Many people initially think the movie industry is all glitz and glam. In some ways, it is, but it can also be tiring, demanding and not worth the high pay. “Hail, Caesar!,” directed, produced, written and edited by the famous Coen Brothers (the duo behind cinematic masterpieces like “Fargo” and “The Big Lebowski”), gives the audience a look into the early 1950s movie industry by focusing on production, adoption, abduction and communism – not necessarily in that order. But does the Coens’ movie about movies deserve top billing or only a passing mention in the gossip column?
Production Head or Fixer Eddie Mannix (Josh Brolin) has the demanding job of ensuring smooth operation for the Capitol Pictures movie studio. Bad publicity, contract infringement, whatever the problem, Eddie’s there to fix it. But when moviestar Baird Whitlock (George Clooney), star of the studio’s biggest production of the year, “Hail Caesar!,” is drugged and abducted, Eddie must keep things together in and out of the studio, while juggling an alternate job offer, nosy columnist twins and other problems. In execution, this plot’s lack of razor-sharp focus and its fast-paced developments make it disconnected and almost unfocused, but the way the film wraps up does feel satisfying. Don’t worry, there are some funny moments with assorted actors in their respective film shoots throughout the studio.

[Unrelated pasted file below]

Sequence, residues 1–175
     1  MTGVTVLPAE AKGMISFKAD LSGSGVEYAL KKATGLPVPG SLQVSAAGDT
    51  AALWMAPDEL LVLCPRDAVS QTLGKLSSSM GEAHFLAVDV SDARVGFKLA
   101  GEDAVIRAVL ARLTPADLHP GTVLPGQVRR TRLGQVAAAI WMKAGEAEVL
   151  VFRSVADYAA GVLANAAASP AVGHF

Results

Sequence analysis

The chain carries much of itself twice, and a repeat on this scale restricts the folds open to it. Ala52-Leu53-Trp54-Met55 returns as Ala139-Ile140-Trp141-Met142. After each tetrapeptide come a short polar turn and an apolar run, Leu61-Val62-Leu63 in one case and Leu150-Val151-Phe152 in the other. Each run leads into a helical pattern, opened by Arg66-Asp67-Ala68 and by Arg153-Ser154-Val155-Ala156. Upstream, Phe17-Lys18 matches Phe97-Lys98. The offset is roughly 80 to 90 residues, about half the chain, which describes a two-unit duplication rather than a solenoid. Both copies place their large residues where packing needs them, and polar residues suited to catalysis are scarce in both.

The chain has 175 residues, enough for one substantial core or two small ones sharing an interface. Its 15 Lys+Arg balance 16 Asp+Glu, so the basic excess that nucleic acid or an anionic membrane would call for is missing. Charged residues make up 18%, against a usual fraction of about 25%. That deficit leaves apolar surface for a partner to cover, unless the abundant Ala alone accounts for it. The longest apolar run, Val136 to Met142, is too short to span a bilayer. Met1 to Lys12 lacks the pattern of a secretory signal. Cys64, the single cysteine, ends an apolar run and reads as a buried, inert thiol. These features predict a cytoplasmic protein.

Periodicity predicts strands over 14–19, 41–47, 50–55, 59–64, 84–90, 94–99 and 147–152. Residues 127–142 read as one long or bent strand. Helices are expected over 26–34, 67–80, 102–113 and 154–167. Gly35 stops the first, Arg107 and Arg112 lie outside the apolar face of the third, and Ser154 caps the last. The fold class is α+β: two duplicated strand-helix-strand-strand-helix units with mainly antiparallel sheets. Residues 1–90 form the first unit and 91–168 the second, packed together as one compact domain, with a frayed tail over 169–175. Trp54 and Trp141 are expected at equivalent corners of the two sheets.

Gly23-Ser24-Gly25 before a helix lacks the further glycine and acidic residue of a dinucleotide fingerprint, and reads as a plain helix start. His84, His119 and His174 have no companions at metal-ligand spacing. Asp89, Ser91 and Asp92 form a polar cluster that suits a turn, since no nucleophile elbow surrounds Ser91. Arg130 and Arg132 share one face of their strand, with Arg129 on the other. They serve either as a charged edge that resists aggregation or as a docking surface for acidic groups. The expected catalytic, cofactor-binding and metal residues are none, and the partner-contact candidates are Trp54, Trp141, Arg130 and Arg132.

The cast was fine. Accomplished actors Clooney, Brolin, Scarlett Johansson and Channing Tatum did perfectly in their roles. While it was fun seeing Black Widow in a mermaid costume and Tatum tap-dancing in a musical, a lot of the cast was underutilized. Actors like Ralph Fiennes and Jonah Hill only show up for five-minute scenes. This makes the viewer wonder why directors would cast big stars in bit parts. The best performance by far is Brolin, who takes all the insanity of his environment in stride, albeit begrudgingly. Alden Ehrenreich, playing a singing cowboy that does his own stunts, is a close second. Near the end, Clooney gives a surprisingly moving pseudo-performance.
This is a conflicting movie. On the one hand, the plot that doesn’t really tie itself together well and the star-heavy cast make this one of the Coens’ lowest value productions. On the other hand, the glimpses into the movie industry, not to mention seeing familiar Coen techniques, are sure to please fans. So while the movie falls a little short of its initial target, some will certainly find it enjoyable. (Between you and me though, go to the matinee showing.)
Grade For movie industry or Coen fans: B-, and for regular viewers: C+.